Last week, Dallas got its first real introduction to the Dallas Symphony Orchestra’s new music director, Fabio Luisi, and it was magical.
It’s been quite some time since our orchestra had an artistic change of this magnitude, as Jaap van Zweden held the reins for an entire decade. The DSO pulled out all the stops for the occasion, too. There were cameras onstage recording the musicians from every angle for a simulcast next door at Annette Strauss Square and a live stream to their Facebook page, plus all of the DSO’s top officials were in attendance.
Just before the show started, Board Chairman Sanjiv Yajnik remarked, “Tonight we start a new chapter of the Dallas Symphony,” as the crowd welcomed Luisi onto the stage with a preemptive standing ovation.
Make no mistake: Maestro Jaap van Zweden is a musical genius who helped the DSO earn a place in the top tier of American orchestras during his 10 years as music director. But he was also well-known for being an uncompromising taskmaster with a rather intimidating disposition. There was a certain nervous tension in the air at the concert hall when he was in town to conduct the DSO. Nevertheless, the orchestra sounded incredible when he was on the podium. He demanded the absolute best, and that’s what the musicians always gave him.
Peter Czornyj, the DSO’s vice president of artistic operations, tells the Observer that when it was time to find van Zweden’s successor, the orchestra wanted someone who would inspire them to pursue an even greater level of artistic excellence. Fabio Luisi, an acclaimed Italian conductor, became the front-runner and accepted the job in June 2018.
“Luisi has an exceptional reputation for the finest performances of the great symphonic repertoire,” says Czornyj. “He is respected and admired by orchestra musicians all over the world.”
Indeed, Luisi’s six seasons as principal conductor of the Metropolitan Opera put him on the map, and he’s since taken on multiple tenured positions and made guest conductor appearances with orchestras and operas around the world. He is currently general music director of the Zurich Opera in Switzerland, chief conductor of the Danish National and music director of Maggio Musicale, a summer Italian opera festival in Florence. On top of all that, he has a “secret passion for perfumery,” and even has his own signature line called FL Parfums.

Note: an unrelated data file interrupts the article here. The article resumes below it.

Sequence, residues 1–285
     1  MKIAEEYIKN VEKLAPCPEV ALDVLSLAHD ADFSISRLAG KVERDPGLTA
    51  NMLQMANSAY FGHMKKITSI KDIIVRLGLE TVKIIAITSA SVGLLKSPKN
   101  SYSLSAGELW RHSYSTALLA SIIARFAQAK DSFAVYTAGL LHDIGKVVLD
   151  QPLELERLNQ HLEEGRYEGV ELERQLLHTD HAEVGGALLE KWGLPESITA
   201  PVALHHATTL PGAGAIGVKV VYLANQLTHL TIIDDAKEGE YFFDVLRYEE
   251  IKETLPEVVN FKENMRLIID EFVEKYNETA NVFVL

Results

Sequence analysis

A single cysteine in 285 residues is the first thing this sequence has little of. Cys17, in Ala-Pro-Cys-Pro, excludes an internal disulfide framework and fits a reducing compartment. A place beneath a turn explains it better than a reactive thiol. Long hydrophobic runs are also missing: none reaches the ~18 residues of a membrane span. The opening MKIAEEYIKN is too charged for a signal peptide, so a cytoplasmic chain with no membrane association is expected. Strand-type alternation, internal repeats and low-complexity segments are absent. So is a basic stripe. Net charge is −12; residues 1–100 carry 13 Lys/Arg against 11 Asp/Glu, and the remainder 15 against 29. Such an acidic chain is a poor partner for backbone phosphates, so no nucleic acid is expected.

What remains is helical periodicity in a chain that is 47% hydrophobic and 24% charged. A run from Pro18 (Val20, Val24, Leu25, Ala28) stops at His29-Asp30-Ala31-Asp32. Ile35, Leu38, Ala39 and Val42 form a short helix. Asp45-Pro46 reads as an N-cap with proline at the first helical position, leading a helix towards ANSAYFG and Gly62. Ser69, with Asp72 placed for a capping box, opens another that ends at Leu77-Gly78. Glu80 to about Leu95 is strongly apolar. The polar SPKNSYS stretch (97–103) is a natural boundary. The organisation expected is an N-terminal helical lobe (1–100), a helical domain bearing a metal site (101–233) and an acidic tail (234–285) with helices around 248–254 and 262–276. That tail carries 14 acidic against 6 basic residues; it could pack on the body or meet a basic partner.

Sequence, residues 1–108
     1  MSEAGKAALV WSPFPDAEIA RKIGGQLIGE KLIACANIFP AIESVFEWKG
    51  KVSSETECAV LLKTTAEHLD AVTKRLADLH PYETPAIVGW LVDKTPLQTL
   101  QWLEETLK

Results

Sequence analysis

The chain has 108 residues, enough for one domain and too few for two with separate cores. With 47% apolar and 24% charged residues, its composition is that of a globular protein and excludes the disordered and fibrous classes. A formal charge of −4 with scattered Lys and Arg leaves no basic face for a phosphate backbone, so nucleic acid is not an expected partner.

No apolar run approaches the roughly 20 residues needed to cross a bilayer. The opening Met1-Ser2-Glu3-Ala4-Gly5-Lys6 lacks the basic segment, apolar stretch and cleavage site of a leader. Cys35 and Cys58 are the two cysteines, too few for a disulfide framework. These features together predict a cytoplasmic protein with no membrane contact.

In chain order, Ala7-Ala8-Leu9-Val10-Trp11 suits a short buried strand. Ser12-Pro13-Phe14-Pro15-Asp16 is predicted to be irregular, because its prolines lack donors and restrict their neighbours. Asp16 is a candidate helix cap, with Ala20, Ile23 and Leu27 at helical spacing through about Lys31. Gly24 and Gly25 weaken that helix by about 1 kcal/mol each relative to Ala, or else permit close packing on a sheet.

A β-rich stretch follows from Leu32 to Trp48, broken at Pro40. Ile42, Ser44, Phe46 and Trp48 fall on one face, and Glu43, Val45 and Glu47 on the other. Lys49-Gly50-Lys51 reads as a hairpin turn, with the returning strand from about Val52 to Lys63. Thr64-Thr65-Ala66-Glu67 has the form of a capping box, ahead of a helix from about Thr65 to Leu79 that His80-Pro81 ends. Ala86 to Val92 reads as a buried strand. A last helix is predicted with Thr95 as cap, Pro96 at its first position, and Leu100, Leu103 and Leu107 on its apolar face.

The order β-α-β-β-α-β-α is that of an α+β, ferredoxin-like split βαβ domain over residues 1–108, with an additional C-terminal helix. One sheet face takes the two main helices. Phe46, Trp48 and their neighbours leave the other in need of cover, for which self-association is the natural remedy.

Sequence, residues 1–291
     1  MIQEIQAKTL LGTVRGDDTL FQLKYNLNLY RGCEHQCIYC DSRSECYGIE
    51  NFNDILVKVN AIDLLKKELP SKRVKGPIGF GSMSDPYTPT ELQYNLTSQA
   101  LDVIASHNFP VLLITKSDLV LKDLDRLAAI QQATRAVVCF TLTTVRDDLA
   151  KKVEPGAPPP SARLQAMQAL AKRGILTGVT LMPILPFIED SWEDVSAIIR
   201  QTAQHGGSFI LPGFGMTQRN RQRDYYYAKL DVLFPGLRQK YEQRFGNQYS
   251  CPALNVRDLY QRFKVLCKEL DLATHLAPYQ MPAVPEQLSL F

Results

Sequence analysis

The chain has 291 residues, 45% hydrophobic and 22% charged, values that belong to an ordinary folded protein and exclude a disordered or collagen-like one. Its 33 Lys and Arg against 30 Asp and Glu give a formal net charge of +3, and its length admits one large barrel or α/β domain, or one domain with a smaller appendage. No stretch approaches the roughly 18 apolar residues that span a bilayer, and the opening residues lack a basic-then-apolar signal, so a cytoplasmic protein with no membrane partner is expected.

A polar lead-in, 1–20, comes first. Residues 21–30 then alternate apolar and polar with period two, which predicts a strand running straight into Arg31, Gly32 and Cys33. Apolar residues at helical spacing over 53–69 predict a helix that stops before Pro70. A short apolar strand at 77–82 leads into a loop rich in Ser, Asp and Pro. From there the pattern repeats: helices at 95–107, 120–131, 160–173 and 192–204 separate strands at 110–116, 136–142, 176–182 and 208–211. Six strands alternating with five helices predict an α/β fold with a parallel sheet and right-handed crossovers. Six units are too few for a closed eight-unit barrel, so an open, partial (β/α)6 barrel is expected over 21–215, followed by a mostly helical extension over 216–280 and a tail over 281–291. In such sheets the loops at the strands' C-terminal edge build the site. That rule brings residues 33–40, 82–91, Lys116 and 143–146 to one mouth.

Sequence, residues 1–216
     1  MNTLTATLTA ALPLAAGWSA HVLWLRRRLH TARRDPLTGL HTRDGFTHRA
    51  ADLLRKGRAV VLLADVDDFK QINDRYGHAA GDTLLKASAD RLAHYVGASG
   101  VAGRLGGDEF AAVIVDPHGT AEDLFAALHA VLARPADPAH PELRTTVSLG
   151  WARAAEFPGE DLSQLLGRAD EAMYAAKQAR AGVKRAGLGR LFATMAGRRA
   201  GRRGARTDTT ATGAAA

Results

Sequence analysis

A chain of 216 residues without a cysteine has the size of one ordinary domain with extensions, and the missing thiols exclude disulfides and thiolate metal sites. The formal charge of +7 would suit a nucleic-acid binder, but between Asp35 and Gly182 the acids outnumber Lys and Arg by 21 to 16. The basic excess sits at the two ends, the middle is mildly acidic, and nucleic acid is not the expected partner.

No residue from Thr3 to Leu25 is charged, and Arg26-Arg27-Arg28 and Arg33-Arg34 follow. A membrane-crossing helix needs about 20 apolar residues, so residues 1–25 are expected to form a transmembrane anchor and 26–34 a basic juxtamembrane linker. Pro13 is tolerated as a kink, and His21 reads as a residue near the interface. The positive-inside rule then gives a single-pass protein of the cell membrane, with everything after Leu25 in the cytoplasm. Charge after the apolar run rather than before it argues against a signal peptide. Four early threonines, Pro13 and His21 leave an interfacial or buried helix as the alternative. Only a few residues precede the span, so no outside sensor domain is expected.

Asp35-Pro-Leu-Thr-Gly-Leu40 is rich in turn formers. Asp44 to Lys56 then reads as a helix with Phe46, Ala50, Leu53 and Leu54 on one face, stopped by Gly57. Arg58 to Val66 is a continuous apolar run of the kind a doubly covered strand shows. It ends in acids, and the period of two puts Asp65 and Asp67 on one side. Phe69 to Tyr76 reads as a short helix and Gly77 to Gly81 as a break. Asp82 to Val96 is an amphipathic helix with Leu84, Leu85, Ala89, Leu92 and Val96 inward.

Czornyj seems optimistic about Luisi’s relationship with the DSO musicians as well. “In rehearsal, he is very focused on providing leadership but giving the musicians freedom for expression within the collective music-making process,” he says. “He quite naturally provides positive musical direction and clear interpretative oversight.”
This “natural positivity” was on full display last weekend as the DSO performed a wonderfully varied program with their new music director at the helm. Their performance of Swiss composer Frank Martin’s Concerto for Seven Winds, Timpani, Percussion and Strings was particularly fun to watch. Martin’s work is filled with tricky technical passages and gorgeous chromaticism, all of which were performed with finesse and ease by principal musicians from across the DSO’s wind sections. The soloists could be seen smiling contently during rests and some were almost dancing along.
Throughout the concert Luisi appeared controlled, yet was not at all rigid or forceful. He was able to communicate to the musicians with what seemed like the most minute movements of his left hand, yet he was appropriately animated during expressive climaxes as well.
Czornyj and Luisi have already been working closely to plan the DSO’s programming for the coming seasons, something that Czornyj says is a delight. “It is wonderful to collaborate with someone of Fabio Luisi’s enormous experience in the orchestral and operatic world,” he says. “He brings a wealth of knowledge to the artistic planning process, and that is very rewarding.”
If this first concert was any indication, we have much to look forward to in future programs under Luisi’s musical direction. He’s promised to conduct a full opera-in-concert each year, starting with Strauss’ Salome next season, as well as more music by American composers — a genre that has been somewhat overlooked in recent years — and female composers like composer-in-residence Julia Wolfe.
Luisi and the DSO musicians certainly dazzled us with this first show, and all signs point to more greatness in the future.
Keep the Dallas Observer Free... Since we started the Dallas Observer, it has been defined as the free, independent voice of Dallas, and we would like to keep it that way. Offering our readers free access to incisive coverage of local news, food and culture. Producing stories on everything from political scandals to the hottest new bands, with gutsy reporting, stylish writing, and staffers who've won everything from the Society of Professional Journalists' Sigma Delta Chi feature-writing award to the Casey Medal for Meritorious Journalism. But with local journalism's existence under siege and advertising revenue setbacks having a larger impact, it is important now more than ever for us to rally support behind funding our local journalism. You can help by participating in our "I Support" membership program, allowing us to keep covering Dallas with no paywalls.